How to be a Good "Web Design" Client + Get Results!

Wendy Kelly
May 25, 2016

Here are a few {learnable} things to create a perfect environment for a happy agency experience

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Are you more than a little frustrated by the idiots you hired for your web project?

Yes? Read on:

{editor note: This post is strictly based on Google Trends and keyword research and not based at all on current / past / future clients of Custom Fit Online}

How to Be a Good Web Design Client

So. In the most loving and respectful way possible, I need to let you in on something: You may be a bad client.

"But..." you say. 

Look. I get it. They're idiots. You say you want a bucolic pastoral feel and they give you a bunch of cow dung.

First: Good Agencies Train Their Clients 

In fact, that's probably first, second, and third. Good agencies want healthy happy clients that thrive and grow. 

To be honest, you want to know a little secret? One reason we're so keen to grow your business and help you thrive is that this helps ensure that we get paid.

And if we don't know what the heck you're talking about, it's our job to help guide you. So there's that. But you may be stuck with an agency who hasn't learned this yet.

And in that case, you're going to have to train yourself. And that is not impossible. You've learned to do lots of things on your own. Just add this to the list and get started:

The Care and Feeding of a Happy Client

There are a few {learnable} things that create a perfect environment for a happy, constructive, joyful digital agency experience. 


Matt Inman of the Oatmeal says it perfectly: "I also don't know how to design websites based on someone else's feelings"

You need to know what you want. I know, I know. You do know what you want. You want a great website that brings in lots of business so you can retire early.

But guess what? You really probably don't know what you want. And that is most likely because you are not clear on your brand's story, or you are confusing your personal taste and style with the design process.

Ben Groulx said it perfectly:

"Of course your personal preference may be difficult to see past -- "I hate orange! This will not work!" -- however design is not a matter of taste. It is about producing systems, pieces, structures, and stories that perform well."

A good agency will lead you to your brand's true story, and if you trust them, they will bring out excellent design that reflects your story. 

So the first rule to learn is: Let your agency be the expert. If you don't trust your agency's expertise, really think through why you are with them.

HAve a realistic budget

This one is fraught. When you hire someone to help you increase your ROI, whether they redesign your website, produce a stellar inbound marketing campaign for you, or similar, chances are that there will be a lot of things happening behind the scenes that need to be communicated to you, the client.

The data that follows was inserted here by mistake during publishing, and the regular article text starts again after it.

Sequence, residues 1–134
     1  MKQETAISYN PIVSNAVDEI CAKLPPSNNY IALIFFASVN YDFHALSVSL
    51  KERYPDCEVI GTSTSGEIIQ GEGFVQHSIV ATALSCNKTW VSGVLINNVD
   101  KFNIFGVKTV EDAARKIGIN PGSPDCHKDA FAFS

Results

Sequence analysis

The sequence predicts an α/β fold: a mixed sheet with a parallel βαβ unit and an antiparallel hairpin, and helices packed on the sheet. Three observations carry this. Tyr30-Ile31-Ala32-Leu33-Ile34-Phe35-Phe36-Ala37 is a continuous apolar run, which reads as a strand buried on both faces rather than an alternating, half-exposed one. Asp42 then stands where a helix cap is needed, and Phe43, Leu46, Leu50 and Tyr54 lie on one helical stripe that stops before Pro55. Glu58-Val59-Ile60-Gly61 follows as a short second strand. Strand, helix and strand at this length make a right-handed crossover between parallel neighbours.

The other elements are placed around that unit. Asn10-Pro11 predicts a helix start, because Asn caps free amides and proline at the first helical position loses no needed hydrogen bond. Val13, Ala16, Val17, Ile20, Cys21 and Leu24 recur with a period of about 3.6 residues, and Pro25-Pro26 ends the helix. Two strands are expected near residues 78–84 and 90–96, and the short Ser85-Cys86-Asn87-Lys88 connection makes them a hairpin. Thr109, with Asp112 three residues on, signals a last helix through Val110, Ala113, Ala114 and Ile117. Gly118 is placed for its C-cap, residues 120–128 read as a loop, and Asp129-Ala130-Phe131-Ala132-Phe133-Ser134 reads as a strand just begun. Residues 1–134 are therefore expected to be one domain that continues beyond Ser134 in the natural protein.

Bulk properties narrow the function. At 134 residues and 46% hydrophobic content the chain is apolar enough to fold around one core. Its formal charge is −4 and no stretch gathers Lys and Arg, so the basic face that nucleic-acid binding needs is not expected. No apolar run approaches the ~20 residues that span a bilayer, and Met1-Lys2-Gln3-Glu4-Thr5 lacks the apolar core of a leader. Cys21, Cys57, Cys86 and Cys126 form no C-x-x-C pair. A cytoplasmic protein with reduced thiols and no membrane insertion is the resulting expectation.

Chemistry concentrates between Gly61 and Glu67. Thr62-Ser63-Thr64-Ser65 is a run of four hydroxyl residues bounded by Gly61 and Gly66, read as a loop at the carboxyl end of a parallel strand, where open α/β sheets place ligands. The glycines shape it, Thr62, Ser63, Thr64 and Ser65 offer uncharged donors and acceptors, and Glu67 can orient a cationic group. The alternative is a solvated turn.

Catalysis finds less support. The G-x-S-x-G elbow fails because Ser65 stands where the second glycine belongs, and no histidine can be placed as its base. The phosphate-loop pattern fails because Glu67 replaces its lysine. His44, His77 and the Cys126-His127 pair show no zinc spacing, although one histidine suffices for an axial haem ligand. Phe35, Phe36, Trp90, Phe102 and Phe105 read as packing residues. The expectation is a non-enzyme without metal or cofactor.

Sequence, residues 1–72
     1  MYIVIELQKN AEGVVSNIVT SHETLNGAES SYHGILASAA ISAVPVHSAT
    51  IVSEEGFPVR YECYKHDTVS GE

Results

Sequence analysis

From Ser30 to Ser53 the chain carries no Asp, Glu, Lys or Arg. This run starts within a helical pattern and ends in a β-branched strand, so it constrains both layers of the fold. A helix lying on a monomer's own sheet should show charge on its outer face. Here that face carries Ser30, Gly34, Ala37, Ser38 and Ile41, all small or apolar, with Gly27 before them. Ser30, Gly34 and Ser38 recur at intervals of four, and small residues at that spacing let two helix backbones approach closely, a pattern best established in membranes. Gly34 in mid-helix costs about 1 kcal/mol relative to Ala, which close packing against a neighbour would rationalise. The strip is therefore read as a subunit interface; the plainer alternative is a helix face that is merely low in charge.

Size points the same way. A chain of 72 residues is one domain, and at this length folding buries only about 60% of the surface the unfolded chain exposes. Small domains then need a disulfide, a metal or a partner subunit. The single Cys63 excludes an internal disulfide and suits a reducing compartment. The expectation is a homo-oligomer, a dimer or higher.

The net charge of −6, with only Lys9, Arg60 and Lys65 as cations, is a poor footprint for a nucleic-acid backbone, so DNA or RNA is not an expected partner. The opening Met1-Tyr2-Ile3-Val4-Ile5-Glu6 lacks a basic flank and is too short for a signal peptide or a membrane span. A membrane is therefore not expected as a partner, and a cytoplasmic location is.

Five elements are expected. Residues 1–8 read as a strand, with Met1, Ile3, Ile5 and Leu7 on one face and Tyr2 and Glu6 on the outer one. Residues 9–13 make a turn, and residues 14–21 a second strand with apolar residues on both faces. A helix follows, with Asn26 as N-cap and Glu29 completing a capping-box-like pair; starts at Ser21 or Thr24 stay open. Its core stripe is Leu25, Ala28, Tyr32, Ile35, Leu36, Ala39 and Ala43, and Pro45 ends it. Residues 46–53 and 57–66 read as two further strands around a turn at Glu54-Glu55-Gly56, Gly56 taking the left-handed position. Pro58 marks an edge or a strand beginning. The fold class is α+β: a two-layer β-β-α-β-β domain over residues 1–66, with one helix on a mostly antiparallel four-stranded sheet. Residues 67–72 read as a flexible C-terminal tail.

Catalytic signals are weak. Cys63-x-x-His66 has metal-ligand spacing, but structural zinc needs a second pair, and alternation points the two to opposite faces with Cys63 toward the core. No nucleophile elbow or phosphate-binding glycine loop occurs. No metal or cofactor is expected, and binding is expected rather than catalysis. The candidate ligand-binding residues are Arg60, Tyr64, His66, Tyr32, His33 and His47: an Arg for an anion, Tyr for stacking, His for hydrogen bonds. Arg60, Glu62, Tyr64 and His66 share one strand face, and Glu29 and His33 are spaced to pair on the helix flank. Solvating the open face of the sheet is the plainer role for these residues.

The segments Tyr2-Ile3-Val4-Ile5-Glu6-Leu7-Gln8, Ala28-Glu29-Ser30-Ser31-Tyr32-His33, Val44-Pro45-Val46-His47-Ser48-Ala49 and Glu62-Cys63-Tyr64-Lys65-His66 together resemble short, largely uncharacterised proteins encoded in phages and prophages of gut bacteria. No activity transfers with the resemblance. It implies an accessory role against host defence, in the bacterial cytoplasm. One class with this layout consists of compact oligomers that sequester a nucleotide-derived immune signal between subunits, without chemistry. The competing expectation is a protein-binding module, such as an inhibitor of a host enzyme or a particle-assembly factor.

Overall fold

Otherwise, you very well could feel like you are paying for voodoo magic. 

The agency's job is to ensure that you feel like you are getting your money's worth. You should ask questions and be given clear answers about work done. Sometimes, you may need to ask for still more clarification and sometimes, you may need to trust in the process. Talk to former clients. 

Your job, though, once you trust the process and feel that you have hired the right people, is to have realistic expectations about budget.

You get what you pay for. And if you are going to haggle about price, you are going to end up with a haggled website/digital experience.

Second rule: Once you've established trust, be flexible/realistic with your budget.

Get Out of the way

Participate in the process. It's your story after all. But once you've established trust, take the passenger's seat and let the agency drive the project.

When they ask for assets, provide them. When you say you will deliver content, deliver it. When asked, give your feedback.

But then get out of the way and let the agency do their work. 

Of course, if you see something you don't understand or disagree with, ask questions. But hold back from actually "helping" too much. 

Third rule: Get out of the way and let the agency do the work you've paid them to do.

Single Point of Contact - not design by committee

Do not bring your mother, best friend, or tech-savvy son into the design process. Have a single point of contact who works with (hopefully) a single point of contact at your agency. 

You can definitely ask for feedback from trusted people around you. You should not show every part of the design process to your entire staff.

Fourth rule: Single point of contact.


Are these tips helpful? What experience have you had with agencies? Do you feel that your agency could have communicated better - and do you feel like you could have been a better client? 

We'd love to hear your comments. 

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